Patata lunga di San Biase
Produced in the small town of San Biase, Campobasso, this potato variety grows at high elevation in the chalky soils of the Sannita Apennines. Oblong and flat, a yellow or purplish rind conceals a cream-white pulp. Versatile in the kitchen, they can be boiled, baked or roasted, sliced and sautéed, or fried. A typical San Biase dish is lamb head (mentioned below) cooked with potatoes under an iron shell covered in embers.
Pecorino – del Matese, di Capracotta
The Monti del Matese area is rich with products connected to livestock farming. One of these is pecorino, which was produced by the breeders while herds headed up to the mountain pastures. The hard rind is light brown and lined with the grooves of the baskets it has been initially shaped in. The core is rather hard, ivory coloured and the flavour changes to increasingly sharp with aging (3 months to 1 year).
Ancient and purportedly hailing back to Sunnite tribes, production of pecorino di Capracotta is carried out in the cities of Capracotta, Agnone, Carovilli, Vastogirardi, San Pietro Avellana and Pescopennataro in the Isernia province. The yellow-to-brownish rind is hard and wrinkled depending on aging. The core is hard, oily and compact, light yellow and tastes spicier as time ages it. It is eaten fresh or sometimes fried after being lightly dredged in flour.
Pomodori gialli invernali
Called pmdor d’viern da append, or winter hanged tomatoes, these fruits boast ancient origins and are characteristic of Molise. Yellow-orange, round and satiny skinned, they conceal a firm and juicy pulp. The plants can grow as tall as 2 meters and can bed with the weight of the vines. For this reason the farmer must pick the tomatoes as soon as they ripen to yellow, removing the entire stalk. At this point they are tied with a cotton string reproducing the plant, and hung on canes to mature in ventilated, dry places. This makes them lose moisture without producing mildews. This makes the tomatoes available all winter long, chopped in salads or eaten as topping on toasted bread.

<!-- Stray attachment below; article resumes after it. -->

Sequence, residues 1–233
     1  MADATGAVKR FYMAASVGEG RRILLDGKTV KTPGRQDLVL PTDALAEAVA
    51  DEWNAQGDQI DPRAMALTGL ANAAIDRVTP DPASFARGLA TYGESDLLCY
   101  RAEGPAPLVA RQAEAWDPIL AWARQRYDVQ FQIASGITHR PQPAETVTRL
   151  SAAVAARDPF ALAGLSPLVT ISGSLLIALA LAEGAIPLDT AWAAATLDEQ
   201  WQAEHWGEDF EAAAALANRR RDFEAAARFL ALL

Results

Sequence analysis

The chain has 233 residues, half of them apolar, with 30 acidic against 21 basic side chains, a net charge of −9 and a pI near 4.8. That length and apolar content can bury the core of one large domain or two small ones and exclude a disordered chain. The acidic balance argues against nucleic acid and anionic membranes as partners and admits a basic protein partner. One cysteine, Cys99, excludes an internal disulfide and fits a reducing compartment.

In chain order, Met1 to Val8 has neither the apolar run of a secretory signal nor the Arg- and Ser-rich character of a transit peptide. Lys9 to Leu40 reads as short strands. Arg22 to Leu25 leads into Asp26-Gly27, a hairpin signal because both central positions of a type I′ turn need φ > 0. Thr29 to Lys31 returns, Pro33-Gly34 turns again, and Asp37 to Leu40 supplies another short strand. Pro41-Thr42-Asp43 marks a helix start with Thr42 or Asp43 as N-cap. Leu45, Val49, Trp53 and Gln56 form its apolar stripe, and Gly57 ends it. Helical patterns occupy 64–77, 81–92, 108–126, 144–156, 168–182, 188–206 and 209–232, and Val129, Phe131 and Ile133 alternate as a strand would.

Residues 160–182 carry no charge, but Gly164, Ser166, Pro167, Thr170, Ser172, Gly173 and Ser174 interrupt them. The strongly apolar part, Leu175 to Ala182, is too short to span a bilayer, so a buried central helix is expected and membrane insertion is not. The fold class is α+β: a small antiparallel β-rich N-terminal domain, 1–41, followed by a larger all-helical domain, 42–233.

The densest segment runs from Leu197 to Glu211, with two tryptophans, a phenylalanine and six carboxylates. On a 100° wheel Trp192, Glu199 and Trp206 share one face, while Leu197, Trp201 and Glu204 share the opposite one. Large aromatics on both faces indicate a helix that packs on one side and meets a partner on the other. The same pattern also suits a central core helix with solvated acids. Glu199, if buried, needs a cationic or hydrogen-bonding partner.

This is a type of Pasta Molise has in common with Abruzzo and Lazio. Made with water, flour and salt, sagne are sometimes also made with eggs. They come in different sizes: diamond-shaped in the classic version; or flat noodle like strips, small squares or rectangular. Before mechanization, sagne were an everyday peasant dish often paired with another poor-man’s food like legumes. Molise recipes using sagne include: sagne e cicerchie, made with cicerchie legumes, prosciutto lard, tomato, chilli pepper and basil; or sagne e fasciual alla pigniata d’ cuacc, that is sagne with borlotti beans cooked in an earthenware pot.
Salsiccia di fegato
One of Molise’s most celebrated cured meats is the liver sausage typical of Rionero Sannitico, a mountain village in the province of Isernia, on the border with Abruzzo. It’s made using pork liver and heart seasoned with salt, pepper, garlic, orange peel, bay leaves and sometimes spicy chili pepper. The stuffed casing is then hung to dry on a cane placed near a fireplace for 4-5 days. Aging takes approximately one month in a cool, damp place. It can also skip aging: chopped and packed in olive oil and lard. On the palate, the sausages are soft, compact, intensely aromatic, with only a slight bitter note of liver in the finish.